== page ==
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Fourth Avenue & 12th Street

by Myat Thi Ha.

A typical autumn morning with coffee at the dining table next to the window under a crisp indigo sky. The most peaceful of mornings until the huge iron windows rattled in their frames and moments later an engulfing shadow. An instant eclipse. Reading the tail number on a mammoth polished airship which seemed to be only meters away. The entire loft shook violently. A whoosh followed by silence followed by a plume of billowing smoke to the south.

Failed attempts to connect the calm morning crispness, the rattling, the passing airship, the eclipse, the plume. Life experiences did not allow such connections. Bewilderment turned to fright.

Stumbling from room to room, twisting the radio dial across the guy trying to sell me soap to sports scores to “…something is happening, but we don’t know what.” Unhelpful. Fear grew. Called J. at the UN to ask what was happening. He shared more than the radio did and fear exploded into anxiety.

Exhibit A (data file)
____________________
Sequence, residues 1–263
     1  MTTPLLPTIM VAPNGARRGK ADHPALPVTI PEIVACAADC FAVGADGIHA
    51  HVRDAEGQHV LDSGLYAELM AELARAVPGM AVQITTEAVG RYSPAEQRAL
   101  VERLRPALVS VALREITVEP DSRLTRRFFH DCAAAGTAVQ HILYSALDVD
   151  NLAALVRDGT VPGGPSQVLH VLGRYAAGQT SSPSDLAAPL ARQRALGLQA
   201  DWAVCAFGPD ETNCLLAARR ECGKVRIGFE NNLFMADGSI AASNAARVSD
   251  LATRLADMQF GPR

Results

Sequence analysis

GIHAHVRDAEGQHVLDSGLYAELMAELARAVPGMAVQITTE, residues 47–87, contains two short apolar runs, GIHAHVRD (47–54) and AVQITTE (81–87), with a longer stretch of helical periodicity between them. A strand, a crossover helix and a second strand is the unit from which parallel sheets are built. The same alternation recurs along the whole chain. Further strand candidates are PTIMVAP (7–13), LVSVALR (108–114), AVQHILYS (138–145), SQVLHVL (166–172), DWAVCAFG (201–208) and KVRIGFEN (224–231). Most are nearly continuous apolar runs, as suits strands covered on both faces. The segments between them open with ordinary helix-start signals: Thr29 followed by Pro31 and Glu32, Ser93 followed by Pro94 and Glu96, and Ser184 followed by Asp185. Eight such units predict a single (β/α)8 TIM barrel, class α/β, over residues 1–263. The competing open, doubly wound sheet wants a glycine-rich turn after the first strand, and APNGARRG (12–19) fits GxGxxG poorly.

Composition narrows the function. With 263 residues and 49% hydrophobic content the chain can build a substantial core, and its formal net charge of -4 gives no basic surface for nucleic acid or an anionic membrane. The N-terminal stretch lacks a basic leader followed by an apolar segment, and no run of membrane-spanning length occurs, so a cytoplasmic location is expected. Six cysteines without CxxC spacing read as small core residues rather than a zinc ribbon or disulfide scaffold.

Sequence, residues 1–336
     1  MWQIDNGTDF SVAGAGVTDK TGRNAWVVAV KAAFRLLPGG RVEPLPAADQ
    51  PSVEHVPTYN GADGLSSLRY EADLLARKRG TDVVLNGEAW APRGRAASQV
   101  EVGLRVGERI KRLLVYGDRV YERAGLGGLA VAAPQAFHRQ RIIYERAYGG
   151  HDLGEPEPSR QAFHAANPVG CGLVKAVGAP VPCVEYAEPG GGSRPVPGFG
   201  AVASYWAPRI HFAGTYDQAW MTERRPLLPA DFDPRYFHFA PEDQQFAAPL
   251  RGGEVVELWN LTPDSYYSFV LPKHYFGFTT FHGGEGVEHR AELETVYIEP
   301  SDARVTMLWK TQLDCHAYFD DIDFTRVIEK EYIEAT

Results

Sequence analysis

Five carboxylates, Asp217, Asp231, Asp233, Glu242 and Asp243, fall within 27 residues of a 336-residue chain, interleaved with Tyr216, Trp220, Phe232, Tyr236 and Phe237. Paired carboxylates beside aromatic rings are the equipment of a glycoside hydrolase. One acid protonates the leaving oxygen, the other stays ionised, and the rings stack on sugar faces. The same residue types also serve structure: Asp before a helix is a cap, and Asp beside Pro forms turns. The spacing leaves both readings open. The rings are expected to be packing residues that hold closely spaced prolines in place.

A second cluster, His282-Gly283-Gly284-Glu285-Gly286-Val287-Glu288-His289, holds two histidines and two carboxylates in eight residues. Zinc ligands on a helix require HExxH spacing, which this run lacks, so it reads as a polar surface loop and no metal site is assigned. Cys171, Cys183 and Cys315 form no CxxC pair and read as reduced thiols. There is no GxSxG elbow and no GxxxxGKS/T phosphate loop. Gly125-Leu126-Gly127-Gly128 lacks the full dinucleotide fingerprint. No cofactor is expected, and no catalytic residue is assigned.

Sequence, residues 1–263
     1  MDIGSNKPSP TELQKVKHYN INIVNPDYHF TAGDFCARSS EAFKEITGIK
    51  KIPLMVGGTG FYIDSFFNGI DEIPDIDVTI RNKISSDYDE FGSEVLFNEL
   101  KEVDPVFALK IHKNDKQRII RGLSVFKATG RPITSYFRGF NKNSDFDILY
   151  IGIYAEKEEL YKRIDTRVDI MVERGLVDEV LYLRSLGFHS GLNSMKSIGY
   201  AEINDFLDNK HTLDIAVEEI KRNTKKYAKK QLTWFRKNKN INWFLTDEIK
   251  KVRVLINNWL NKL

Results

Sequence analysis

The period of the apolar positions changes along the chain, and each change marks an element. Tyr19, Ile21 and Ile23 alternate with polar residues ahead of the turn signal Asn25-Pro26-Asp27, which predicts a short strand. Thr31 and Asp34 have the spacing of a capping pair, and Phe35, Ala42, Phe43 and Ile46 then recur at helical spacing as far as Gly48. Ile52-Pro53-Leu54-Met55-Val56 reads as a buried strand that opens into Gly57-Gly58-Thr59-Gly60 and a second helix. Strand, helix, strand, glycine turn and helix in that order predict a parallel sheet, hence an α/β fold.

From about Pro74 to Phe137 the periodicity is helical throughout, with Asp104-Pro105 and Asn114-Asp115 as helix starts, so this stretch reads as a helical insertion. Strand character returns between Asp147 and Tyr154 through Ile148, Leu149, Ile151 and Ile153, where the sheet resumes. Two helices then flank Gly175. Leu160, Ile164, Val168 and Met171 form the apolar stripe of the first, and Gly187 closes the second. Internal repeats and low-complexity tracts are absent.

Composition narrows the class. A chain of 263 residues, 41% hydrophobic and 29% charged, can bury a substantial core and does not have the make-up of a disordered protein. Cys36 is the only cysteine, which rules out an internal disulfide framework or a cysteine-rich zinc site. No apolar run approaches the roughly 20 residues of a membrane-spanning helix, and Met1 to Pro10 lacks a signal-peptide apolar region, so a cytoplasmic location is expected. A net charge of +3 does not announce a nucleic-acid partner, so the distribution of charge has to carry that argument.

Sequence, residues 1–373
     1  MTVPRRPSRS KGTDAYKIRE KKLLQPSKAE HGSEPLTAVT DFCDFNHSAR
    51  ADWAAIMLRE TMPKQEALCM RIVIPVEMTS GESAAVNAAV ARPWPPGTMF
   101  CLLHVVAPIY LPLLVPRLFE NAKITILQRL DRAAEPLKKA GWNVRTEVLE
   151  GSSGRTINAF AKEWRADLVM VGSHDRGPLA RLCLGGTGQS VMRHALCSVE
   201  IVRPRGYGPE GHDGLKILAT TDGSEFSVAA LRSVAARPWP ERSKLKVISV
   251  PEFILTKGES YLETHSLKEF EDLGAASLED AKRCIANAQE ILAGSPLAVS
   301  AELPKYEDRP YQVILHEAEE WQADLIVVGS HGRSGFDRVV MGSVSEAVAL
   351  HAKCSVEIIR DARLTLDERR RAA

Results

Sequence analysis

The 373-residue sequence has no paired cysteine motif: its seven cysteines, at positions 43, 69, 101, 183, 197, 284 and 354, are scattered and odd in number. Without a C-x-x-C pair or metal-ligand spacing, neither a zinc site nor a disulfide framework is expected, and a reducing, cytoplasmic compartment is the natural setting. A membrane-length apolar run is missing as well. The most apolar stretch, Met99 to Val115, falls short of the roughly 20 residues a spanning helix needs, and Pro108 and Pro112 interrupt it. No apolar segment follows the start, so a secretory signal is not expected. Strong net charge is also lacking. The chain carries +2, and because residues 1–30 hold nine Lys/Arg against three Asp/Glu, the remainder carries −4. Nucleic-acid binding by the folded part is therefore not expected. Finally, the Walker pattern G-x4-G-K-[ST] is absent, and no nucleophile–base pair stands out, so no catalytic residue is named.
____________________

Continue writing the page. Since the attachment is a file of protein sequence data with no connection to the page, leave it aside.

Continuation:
Instinct said go. Bounced off walls and furniture. Lights on, lights off, stove off (was it?), faucets running, phone handset still live thrown into fridge and out the door for Grand Central. Made the last train north to the countryside.

Only upon reaching school did fellow students, faculty, counsellors share the horror. Still vague.

To this day, still vague. Two decades later, everyone has some version of my unexceptional story.

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